You may be wondering how much a solar panel costs. The answer to that question depends on the wattage of the panel. In this blog post, we’ll break down the cost per watt for solar panels to help you better understand what you’re investing in. Keep reading to learn more!
Let’s start by looking at the average cost of solar panels in the United States. According to SolarReviews, the average cost per watt is $3.72 for residential solar panel installations and $2.16 for commercial solar panel installations. This data is based on statistics from 2013, so it could be different now given how much technology has changed in the last few years.
Now that you know how much a solar panel costs, it’s important to understand another crucial fact: How much power does each watt provide? According to Geophysical Research Letters, “The electrical power produced depends on the available irradiance and the efficiency of the solar panels.”
What is a watt?
The term ‘watt’ refers to the power used by an electrical device such as a light bulb.” Since each solar panel is capable of producing a certain amount of energy per day, we can calculate how many watts the solar panels produce over time and determine exactly how much they cost.
You can get a solar panel that produces 1 watt of power for $3.72 or 3 watts for $11.44. If you get a 3-watt solar panel, your daily production will be 3 watts x 8 hours = 24 watt-hours (Wh) per day. This means you would get 1,728 Wh per day from your 1-watt solar panel and 8,640 Wh per day from the 3-watt solar panel.
To use a car analogy: Say you buy a gas guzzler for $10,000 and it gets 10 miles to the gallon. At $2.50 per gallon, you would have to fill up the tank 28 times a year. This is equivalent to each gallon costing $70 ($2.50 x 28).
If you were to buy a more efficient car for $30,000 and it got 30 miles per gallon, then it would only need seven gallons at $2.50 per gallon, or $18.
This means that the more efficient car saves you $52.50 per fill up (28 tanks x $18) when compared with the gas guzzler’s price of $70 per fill up (28 tanks x $2.50).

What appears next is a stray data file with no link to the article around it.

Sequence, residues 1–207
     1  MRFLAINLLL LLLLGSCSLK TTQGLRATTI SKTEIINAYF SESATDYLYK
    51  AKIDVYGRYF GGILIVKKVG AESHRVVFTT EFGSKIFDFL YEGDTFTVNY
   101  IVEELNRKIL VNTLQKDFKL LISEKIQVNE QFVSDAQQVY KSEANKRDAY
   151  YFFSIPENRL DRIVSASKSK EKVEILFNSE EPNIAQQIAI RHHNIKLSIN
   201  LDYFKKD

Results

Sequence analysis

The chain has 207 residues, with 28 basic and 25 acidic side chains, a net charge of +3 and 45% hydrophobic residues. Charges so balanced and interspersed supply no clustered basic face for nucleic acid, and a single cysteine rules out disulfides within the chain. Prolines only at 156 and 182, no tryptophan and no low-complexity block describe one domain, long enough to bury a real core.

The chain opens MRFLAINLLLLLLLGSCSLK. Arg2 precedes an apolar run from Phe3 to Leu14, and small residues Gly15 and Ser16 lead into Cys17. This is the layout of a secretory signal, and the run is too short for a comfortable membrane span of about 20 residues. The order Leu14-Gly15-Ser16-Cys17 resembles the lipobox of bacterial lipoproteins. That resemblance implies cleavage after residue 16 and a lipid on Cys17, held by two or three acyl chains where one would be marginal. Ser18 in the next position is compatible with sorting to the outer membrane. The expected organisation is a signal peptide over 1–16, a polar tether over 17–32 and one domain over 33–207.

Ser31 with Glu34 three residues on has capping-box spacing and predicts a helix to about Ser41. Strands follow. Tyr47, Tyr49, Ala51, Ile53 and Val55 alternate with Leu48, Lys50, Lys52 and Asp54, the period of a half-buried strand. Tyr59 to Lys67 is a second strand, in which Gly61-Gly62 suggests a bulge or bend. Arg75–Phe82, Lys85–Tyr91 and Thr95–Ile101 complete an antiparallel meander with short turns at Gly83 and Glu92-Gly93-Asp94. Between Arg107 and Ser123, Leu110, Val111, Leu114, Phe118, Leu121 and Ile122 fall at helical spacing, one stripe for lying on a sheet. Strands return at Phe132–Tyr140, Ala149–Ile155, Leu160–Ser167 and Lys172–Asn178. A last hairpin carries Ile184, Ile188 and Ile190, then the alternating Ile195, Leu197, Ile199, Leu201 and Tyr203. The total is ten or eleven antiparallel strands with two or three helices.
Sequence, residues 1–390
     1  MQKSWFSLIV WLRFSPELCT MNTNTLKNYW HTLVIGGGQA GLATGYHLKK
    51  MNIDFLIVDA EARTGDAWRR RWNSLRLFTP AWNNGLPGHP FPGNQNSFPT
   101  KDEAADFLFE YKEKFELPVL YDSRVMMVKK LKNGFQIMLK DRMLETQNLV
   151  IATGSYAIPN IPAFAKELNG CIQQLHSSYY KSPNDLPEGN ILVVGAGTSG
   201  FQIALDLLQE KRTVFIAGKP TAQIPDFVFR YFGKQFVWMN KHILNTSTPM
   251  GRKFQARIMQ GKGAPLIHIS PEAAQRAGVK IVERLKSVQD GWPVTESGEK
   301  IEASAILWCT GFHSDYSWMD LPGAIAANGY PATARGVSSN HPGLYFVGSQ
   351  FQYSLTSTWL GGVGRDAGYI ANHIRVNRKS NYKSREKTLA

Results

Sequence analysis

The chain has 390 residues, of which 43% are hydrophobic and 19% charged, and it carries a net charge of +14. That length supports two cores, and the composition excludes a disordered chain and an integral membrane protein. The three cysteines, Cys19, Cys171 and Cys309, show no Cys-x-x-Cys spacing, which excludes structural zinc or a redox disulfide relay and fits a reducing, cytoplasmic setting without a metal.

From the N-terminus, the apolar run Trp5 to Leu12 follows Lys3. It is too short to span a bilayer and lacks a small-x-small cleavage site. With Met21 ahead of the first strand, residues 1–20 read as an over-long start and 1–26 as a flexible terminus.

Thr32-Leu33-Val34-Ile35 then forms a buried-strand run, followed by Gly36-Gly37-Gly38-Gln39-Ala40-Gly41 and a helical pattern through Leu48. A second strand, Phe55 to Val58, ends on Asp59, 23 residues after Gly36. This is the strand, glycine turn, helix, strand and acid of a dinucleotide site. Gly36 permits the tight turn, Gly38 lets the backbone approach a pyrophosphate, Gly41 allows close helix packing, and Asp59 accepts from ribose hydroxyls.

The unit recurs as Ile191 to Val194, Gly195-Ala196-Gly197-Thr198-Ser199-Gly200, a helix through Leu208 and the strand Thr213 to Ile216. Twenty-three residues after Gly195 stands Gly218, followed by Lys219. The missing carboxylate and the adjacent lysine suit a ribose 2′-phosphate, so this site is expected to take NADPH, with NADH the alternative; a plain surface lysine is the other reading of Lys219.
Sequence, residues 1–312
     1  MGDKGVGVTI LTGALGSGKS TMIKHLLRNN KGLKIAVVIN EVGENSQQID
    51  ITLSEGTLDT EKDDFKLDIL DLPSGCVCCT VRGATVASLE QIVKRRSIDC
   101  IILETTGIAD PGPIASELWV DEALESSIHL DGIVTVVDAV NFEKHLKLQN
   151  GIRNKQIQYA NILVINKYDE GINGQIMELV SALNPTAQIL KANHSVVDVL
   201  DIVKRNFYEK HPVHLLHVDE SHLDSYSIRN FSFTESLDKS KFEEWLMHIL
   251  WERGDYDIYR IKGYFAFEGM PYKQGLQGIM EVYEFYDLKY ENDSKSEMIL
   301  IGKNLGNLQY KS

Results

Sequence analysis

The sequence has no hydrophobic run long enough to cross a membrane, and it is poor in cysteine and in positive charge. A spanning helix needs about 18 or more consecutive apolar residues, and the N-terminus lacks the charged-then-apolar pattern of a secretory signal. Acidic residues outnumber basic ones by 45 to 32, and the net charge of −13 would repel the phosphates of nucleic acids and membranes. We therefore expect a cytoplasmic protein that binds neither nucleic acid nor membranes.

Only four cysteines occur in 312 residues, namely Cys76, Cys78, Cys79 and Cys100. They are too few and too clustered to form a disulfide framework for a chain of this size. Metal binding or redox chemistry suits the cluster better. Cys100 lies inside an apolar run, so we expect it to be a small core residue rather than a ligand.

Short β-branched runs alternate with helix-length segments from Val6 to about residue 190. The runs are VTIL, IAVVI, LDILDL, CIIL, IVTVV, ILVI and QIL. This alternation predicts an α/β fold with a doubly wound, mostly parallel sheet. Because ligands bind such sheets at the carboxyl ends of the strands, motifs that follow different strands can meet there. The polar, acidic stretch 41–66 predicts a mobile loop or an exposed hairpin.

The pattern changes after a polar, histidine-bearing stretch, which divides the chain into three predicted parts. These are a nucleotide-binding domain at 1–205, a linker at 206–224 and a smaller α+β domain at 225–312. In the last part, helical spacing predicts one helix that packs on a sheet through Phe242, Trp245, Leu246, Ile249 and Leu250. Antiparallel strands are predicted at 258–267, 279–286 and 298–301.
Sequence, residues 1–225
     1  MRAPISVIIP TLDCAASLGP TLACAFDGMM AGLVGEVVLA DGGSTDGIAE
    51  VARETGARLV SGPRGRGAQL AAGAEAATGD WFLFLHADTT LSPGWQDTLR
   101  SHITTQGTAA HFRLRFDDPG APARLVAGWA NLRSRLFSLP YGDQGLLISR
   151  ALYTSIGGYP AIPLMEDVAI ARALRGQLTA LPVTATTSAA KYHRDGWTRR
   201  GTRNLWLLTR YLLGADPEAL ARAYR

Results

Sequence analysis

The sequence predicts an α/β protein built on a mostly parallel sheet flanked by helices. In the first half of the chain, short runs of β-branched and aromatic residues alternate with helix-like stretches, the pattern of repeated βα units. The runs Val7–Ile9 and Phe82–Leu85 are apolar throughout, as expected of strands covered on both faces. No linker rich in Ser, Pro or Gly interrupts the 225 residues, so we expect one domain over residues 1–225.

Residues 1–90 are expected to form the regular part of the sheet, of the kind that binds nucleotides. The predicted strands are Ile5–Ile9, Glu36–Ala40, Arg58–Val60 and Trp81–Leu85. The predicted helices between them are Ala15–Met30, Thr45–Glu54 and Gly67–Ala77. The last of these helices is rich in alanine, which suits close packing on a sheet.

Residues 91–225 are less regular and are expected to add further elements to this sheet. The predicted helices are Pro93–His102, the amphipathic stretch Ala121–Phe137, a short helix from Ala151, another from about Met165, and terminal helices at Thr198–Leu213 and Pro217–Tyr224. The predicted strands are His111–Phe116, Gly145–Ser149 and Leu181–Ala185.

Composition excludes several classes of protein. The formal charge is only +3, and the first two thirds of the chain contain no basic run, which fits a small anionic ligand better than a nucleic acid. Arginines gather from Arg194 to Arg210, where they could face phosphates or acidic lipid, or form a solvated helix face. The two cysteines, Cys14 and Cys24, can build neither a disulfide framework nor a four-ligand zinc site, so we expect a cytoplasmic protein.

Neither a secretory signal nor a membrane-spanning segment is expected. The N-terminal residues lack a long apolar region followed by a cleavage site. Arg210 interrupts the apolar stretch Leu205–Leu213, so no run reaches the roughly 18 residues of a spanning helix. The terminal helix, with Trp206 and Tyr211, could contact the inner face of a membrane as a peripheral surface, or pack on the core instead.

Let’s look at a solar panel example: If you get a 3-watt solar panel, it will provide you with 8,640 Wh per day. Over the course of a year, that’s 2,376,000 Wh. According to our calculations from earlier this equals $565.62 (2,376,000 Wh x $0.14126). This means that each watt saves you about $264 ($565.62 / 3).
So the next time you wonder how much does a solar panel cost, just remember that it’s $3.72 for each watt of power it produces. The more efficient your solar panel is, the more money you will save on your energy bills! Now all you have to do is sit back and relax while powering your house for free.
Does Cost per watt vary from one state to another?
Yes, the cost of solar panels will vary depending on your state. Here are some other factors that can affect how much you pay for your solar panel installation:
“How big is the system you want to install?”
The size of the system plays a major factor in determining how much it costs. Some states give more incentives to people with larger systems, so this could affect the price.
“Are there any tax credits or rebates available in your area?”
If you are getting a solar panel installation done at your home, there may be local and state-level tax credits or rebates that can help reduce the cost of the system. Your contractor will know more about this.
“Is there an installation charge?”
Typically, the installer will not be able to estimate your total cost until they come out to your house and see where you want the solar panel system installed. They may have a flat fee that covers everything though!
What is the cost of solar Panel for home use?
The cost of a solar panel for home use is $3.72 per watt of production.
My name is Alex Landry and I am an experienced solar PV engineer and an editor here at Tru Solar Score. I am an accomplished solar PV expert with over 12 years of installing off-grid solar systems in various states in the US. Between 2015 and 2019, I led a small team of energy audit analysts for a company based out of Oregon. I currently run this site full-time and when I am not testing a new solar PV product in the market, I am offering customized consulting on solar systems installations. You can reach me directly using firstname.lastname@example.org